This article on 1 Peter 2:24 is about the atonement.

Source: The Banner of Truth, 1982. 3 pages.

1 Peter 2:24 - Christ our Sin Bearer

'Who his own self bare our sins in his own body on the tree, that we, being dead to sins, should live unto righteousness: by whose stripes ye were healed.'

1 Peter 2:24

Some of the most characteristic definitions of Christ's atoning accomplishment are given in appeals to believers to practise the most elementary virtues of their high and holy and heavenly vocation:

Mark 10:43: 'Whosoever would be great among you, let him be your minister. And whosoever would be chief, shall be servant of all'. 2 Corinthians 8:8-9: โ€” Christian liberality โ€” 'I speak not by commandment, but by occasion of the forwardness of others, and to prove the sincerity of your love. For ye know the grace of our Lord Jesus Christ'.

Philippians 2:6-8: 'Who being in the form of God, thought it not robbery to be equal with God: But made himself of no reputation, and took upon him the form of a servant, and was made in the likeness of men: And being found in fashion as a man, he humbled himself, and became obedient unto death, even the death of the cross'. Consequently, 'Look not every man on his own things but every man also on the things of others. Let this mind be in you which was also in Christ Jesus' (Philippians 2:4-5).

So in our text โ€” 1 Peter 2:21-23: 'For even hereunto were ye called: because Christ also suffered for us, leaving us an example, that ye should follow his steps: Who did no sin, neither was guile found in his mouth: Who, when he was reviled, reviled not again; when he suffered he threatened not; but committed himself to him that judgeth righteously.'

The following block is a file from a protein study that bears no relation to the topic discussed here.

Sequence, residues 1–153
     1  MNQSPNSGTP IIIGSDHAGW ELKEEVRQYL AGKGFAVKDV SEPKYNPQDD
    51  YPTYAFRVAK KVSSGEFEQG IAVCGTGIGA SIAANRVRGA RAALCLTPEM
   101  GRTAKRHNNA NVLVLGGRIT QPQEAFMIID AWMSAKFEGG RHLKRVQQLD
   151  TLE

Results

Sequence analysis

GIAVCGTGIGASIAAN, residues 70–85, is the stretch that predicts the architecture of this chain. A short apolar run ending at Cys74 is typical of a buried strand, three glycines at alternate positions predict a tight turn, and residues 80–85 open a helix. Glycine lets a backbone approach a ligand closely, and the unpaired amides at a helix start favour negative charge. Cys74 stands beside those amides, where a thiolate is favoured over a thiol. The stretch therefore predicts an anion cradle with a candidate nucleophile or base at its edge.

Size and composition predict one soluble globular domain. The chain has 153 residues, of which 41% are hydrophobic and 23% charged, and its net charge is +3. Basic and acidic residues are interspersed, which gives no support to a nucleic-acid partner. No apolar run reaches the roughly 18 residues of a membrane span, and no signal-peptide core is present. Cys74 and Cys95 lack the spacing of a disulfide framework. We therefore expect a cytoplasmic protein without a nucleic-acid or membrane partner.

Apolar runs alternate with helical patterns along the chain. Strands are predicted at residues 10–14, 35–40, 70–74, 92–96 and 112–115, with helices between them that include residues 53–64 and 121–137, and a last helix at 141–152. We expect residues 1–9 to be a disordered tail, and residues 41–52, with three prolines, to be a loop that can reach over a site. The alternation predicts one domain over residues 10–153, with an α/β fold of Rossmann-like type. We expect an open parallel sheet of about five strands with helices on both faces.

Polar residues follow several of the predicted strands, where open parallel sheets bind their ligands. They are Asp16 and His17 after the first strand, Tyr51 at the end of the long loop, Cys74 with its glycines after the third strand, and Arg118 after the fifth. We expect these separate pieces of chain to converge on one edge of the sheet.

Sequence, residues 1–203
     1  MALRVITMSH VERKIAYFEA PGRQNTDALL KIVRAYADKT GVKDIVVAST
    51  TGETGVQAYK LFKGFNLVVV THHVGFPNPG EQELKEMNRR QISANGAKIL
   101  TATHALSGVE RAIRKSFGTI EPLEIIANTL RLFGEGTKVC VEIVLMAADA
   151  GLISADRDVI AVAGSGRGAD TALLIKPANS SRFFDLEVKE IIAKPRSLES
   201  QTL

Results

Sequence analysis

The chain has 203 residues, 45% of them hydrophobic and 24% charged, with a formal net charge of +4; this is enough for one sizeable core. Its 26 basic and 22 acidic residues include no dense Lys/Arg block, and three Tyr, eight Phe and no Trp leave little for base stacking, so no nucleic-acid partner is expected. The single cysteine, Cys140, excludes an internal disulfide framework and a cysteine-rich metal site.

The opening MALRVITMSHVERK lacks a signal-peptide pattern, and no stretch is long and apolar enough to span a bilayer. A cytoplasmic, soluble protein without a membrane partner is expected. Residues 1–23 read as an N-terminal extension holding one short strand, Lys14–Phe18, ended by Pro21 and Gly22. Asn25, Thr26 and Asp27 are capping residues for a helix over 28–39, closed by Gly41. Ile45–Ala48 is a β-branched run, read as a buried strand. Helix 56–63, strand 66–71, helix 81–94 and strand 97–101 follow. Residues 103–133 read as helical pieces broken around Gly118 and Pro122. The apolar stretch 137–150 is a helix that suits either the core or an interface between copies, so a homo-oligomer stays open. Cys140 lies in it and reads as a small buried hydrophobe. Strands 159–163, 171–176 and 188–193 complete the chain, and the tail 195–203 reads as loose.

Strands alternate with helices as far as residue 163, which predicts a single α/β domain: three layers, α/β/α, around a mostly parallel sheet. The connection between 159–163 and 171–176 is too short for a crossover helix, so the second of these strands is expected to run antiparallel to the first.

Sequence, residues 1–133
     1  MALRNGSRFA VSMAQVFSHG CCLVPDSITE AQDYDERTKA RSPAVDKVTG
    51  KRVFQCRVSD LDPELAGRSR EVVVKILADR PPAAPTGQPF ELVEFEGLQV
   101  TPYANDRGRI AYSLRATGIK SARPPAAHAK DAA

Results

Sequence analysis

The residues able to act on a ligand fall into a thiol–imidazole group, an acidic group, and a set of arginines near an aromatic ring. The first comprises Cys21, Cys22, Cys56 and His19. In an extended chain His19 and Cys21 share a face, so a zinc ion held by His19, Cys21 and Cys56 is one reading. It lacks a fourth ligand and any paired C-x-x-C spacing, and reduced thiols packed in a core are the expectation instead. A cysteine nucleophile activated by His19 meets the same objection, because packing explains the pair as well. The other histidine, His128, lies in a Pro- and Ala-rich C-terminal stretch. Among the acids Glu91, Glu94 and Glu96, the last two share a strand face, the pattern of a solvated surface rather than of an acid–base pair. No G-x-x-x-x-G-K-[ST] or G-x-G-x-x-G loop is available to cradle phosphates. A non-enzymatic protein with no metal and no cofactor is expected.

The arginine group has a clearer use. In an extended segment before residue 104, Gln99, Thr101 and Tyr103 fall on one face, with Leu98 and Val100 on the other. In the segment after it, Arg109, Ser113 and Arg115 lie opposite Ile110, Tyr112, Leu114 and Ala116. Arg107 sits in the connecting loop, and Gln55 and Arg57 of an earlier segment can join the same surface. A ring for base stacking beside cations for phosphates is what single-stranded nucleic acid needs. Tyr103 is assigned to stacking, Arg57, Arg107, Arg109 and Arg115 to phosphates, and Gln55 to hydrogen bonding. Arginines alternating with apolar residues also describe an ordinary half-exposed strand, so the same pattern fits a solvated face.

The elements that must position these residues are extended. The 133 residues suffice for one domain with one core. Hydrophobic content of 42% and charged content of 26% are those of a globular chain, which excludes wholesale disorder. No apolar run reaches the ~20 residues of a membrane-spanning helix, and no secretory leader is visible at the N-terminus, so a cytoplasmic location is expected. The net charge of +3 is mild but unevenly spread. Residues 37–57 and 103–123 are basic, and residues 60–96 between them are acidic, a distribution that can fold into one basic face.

This does not mean that we follow Christ in performing his unique and peculiar work, nor that we participate with him in it. He is our supreme example in the vocation that belongs to us and not in the vocation that was uniquely his. 'Be ye followers of me even as I also am of Christ', said Paul (1 Corinthians 11:1). This distinction is inscribed eloquently on our text. There are three observations:

1. Christ alone bore sinsโค’๐Ÿ”—

'Who his own self bore our sins'. The Father laid on him the iniquity of us all. He made him to be sin. It pleased the Lord to bruise him; he hath put him to grief. He did not spare. 'Awake, O sword against my shepherd'.[1] But the Father was not the sin-bearer. The Holy Spirit was given to Christ without measure and through the eternal Spirit Christ offered himself without spot to God.[2] But the Spirit was not the sin-bearer. The angelic host is also excluded. Gabriel could not bear sin. The holiest of men are excluded. Oh, one drop of expiatory damnation would have crushed the mightiest of the angelic host and the holiest of men. It is only by his stripes we are healed. Calvary does not exemplify something. It is not the supreme example of vicarious sacrifice. It is the one solitary event without duplication or repetition in heaven, earth, or hell.